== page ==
But by night, she says she frequents packed bars and typically goes without a mask unless she’s asked to wear one while ordering or visiting a restroom. Late Friday night, Ambrosia sat nursing a drink on a stool outside Mojo Pub in Birmingham’s Lakeview neighborhood.

“I work in the healthcare industry, so I feel like I probably won’t get it if I haven’t gotten it by now,” she said. “In general, bars make you have a mask on when you initially come in. But once you’re in a booth or somewhere by yourselves, you can take it off. How are you going to have a drink with a mask on?”

The answer to that question for many Birmingham bar patrons Friday night and early Saturday was to simply go without a face covering. Dozens of people packed into each of a slew of bars in Lakeview, Avondale and Southside, and many more congregated in their outdoor spaces.

Some said they were worried about the fact that Jefferson County is experiencing a surge in new COVID-19 cases. But others said they weren’t concerned.

Of the 4,802 COVID-19 cases that had been confirmed in Alabama’s largest county by 10 a.m. Friday, a record 1,321 – or more than 27.5 percent – of those cases were added over the previous seven days, according to the Alabama Department of Health. Alabama also reported its largest single-day statewide increase in new cases on Friday, with 1,758 cases confirmed over 24 hours, according to the department.

Whew boy……. For that matter, look up the gigantic parties on Fire Island last night that are trending on Twitter. It’s COVID central out there and lots of people just don’t care. Or hey, maybe our nurses can go get their tongues pierced in between shifts in the COVID-unit.

Many of us want to blame this all on Trump, DeSantis, Kay Ivey, etc. And they absolutely 100% deserve a lot of the blame. But it’s also too easy to do so. A huge part of the problem is this nation’s character. While it is certainly an overgeneralization to say that a nation has a “national character,” a distrust of government, extreme emphasis on individual rights, and an indifference to the death of ourselves and especially others really does define much about a nation that allows a guy to blow up a classroom of 6 year olds and responds by making it easier to buy guns. All of these problems are seriously restricting our ability to control this disease.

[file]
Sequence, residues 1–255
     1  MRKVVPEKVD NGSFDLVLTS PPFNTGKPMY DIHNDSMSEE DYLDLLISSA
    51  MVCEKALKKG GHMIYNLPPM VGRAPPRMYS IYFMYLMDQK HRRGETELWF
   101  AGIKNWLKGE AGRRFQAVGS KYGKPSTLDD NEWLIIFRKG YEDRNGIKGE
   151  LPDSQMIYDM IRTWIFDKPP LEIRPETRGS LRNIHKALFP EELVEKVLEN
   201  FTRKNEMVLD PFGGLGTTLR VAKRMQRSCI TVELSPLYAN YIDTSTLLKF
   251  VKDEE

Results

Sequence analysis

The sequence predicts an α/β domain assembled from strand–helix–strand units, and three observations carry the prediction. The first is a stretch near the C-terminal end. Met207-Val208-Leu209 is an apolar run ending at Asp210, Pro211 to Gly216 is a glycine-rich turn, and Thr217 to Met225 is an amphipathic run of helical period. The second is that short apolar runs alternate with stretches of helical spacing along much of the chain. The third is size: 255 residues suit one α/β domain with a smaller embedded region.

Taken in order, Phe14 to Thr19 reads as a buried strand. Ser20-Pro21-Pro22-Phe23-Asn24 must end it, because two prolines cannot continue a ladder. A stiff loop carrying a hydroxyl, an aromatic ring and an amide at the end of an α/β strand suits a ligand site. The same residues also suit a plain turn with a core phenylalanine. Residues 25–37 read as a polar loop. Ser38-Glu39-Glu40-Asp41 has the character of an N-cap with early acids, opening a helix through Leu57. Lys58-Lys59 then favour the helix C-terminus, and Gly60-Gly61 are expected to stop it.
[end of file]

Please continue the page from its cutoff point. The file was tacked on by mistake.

I also know that people around here like to cite polls that say that people want to do the right thing and are doing the right thing. But this is an area where polling isn’t particularly helpful. It’s akin to labor people saying that polls show unions are really popular. That’s true, as far as it goes. But the problem is that people don’t prioritize it by voting. Other factors dominate their voting behavior and so you have lots of Republican voters who theoretically support unions but vote in politicians who decimate workplace rights. It’s a bit similar here, or so it seems, where people claim to want to do the right thing, but also have a heck of a good way of assuming that whatever they are in fact doing is safe or just making excuses for it when they do engage in unsafe behavior.

The problems with our national COVID-19 response run much deeper than Donald Trump or the Republican Party. Like the rest of our national dysfunction, the roots of this are multifaceted and will take a complete reshaping of what it means to be an American to be fixed.